MPAA Wants Theaters To Call Cops On People Who Dare Take A Photo During A Movie

Call us skeptical, but we have a hunch this MPAA poster will do nothing to curb rude texters, obnoxious talkers, or illegal recorders.

Call us skeptical, but we have a hunch this MPAA poster will do nothing to curb rude texters, obnoxious talkers, or illegal recorders.

The Motion Picture Association of America has released new best practices guidelines for movie theater operators who want to crack down on that worst of crimes — the shaky-cam pirated movie. To that end, the MPAA is suggesting a zero-tolerance policy, not just for people caught trying to record a motion picture, but for anyone who dares to take out their cellphone to take a photo during a screening.

“Many laws enacted to prevent the recording of a movie being shown on a theater screen also prohibit the taking of still pictures and the recording of audio,” writes the MPAA. “Theater managers should immediately alert law enforcement authorities whenever they suspect prohibited activity is taking place. Do not assume that a cell phone or digital camera is being used to take still photographs and not a full-length video recording. Let the proper authorities determine what laws may have been violated and what enforcement action should be taken.”

That’s right. Theater owners should just assume that anyone who pulls out a phone during a movie is a thief looking to deprive Ben Affleck’s children of their next meal. And rather than simply remove that suspected copyright terrorist from the theater — like Alamo Drafthouse does with people who text during movies — the MPAA says theater owners need to alert the authorities.

TorrentFreak points out that the MPAA guidelines still want theater owners to be especially wary of employees’ friends and third-party security staffers.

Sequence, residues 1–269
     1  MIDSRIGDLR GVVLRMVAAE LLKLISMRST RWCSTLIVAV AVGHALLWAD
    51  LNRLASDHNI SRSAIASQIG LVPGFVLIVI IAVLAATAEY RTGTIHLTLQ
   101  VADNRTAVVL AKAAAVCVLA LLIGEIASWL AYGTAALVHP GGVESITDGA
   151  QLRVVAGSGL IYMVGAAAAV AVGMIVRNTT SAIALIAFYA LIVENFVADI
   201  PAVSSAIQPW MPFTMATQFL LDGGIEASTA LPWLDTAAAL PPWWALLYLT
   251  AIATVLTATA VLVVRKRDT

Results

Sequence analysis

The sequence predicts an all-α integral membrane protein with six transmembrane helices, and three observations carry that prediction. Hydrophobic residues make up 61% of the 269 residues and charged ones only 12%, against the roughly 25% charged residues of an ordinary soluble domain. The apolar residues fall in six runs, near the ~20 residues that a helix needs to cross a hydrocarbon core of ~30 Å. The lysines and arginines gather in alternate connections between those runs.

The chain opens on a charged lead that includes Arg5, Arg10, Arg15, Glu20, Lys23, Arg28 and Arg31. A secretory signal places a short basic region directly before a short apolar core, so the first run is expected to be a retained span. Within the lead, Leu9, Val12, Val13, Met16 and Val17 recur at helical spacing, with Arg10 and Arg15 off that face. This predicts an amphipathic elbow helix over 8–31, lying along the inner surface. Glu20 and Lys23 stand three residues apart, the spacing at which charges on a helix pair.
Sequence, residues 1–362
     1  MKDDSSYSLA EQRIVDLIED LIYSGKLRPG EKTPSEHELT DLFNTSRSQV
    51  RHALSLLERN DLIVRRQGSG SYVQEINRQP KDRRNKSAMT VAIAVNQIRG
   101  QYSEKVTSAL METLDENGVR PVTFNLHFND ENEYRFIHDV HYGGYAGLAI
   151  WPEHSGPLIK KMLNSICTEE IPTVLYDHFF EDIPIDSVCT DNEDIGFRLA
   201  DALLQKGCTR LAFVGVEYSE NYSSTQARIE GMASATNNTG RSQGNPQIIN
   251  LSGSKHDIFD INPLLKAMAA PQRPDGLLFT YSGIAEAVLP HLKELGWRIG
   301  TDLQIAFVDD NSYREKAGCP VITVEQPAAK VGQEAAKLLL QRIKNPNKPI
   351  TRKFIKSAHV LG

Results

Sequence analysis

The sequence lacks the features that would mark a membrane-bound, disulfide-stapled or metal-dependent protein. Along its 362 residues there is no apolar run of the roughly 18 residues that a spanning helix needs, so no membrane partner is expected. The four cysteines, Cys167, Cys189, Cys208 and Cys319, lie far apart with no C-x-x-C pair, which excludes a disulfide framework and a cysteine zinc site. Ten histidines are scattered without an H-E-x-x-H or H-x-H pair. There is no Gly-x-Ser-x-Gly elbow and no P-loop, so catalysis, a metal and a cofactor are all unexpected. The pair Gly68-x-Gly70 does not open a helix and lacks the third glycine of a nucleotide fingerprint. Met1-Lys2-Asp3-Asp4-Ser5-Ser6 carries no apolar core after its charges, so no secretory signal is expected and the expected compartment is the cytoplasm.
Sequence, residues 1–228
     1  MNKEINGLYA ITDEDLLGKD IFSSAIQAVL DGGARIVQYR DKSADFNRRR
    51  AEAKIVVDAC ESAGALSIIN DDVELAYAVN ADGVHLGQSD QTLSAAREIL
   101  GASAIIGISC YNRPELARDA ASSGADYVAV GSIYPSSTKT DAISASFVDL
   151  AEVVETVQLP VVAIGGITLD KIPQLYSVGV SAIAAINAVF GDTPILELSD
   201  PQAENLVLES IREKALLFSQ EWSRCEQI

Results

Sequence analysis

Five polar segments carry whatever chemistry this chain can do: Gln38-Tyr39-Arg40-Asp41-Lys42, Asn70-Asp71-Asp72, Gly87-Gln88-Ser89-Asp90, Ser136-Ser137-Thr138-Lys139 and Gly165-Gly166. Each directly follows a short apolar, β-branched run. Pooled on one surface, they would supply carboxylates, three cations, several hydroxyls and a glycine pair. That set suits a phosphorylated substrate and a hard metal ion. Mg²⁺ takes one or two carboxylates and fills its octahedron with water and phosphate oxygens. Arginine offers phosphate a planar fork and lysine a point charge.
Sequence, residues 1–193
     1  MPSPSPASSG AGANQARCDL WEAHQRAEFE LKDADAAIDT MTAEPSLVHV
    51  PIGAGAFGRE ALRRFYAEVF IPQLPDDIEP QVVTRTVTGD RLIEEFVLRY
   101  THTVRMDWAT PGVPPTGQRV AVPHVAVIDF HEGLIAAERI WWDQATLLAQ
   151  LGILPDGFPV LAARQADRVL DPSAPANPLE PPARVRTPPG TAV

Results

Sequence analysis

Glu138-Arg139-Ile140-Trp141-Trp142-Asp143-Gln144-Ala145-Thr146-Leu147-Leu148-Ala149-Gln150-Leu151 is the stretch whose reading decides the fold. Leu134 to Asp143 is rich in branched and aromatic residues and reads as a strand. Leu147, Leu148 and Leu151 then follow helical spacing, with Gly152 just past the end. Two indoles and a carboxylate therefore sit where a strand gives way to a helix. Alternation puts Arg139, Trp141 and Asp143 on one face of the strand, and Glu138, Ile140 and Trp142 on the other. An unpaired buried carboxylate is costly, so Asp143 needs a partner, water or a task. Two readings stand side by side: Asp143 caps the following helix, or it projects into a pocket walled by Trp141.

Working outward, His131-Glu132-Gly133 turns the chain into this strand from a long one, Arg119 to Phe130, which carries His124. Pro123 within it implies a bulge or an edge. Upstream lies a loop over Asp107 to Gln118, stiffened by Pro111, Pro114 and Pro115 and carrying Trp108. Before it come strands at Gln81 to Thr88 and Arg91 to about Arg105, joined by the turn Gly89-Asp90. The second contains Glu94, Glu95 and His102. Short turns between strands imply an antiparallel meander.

“Does one member of your staff frequently have ‘friends’ joining them at the theater at odd times?” asks the best practices document. “Look for non-employees coming or going out of the projectionist’s booth or those arriving at odd hours claiming to be ‘friends’ of an employee or manager.”

Because those people are obviously not there to hang out with their bored theater-employee friends. No, they are obviously there to make billions of dollars by recording a copy of Blue Is the Warmest Color to be sold on the streets. Or maybe they’re just anarchists who want to share it for free online!?

You can read a PDF of the full best practices document for free here.

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  1. wsuschmitt says:

    It is unfortunate, but the MPAA wants to treat us all as if we’re criminals and let the justice system sort it out. It seems that they are doing everything they can to criminalize the watching of movies not only here in the US, but around the world with their input in the TPP.

    • KevinBlah says:

      The MPAA are probably working, right now, on figuring out a way of forcing movie theatres to charge you for the air you breathe while in the same building as their movies.

      • SingleMaltGeek says:

        “Sorry, the license you paid for is per-eyeball. If you watched with both eyes, that would be another $5,000 for violating your viewing license. Plus, we saw that you went to the bathroom and then asked your friend what happened when you got back. You both owe us $10,000 each for time-shifting and unauthorized derivatives of our content!”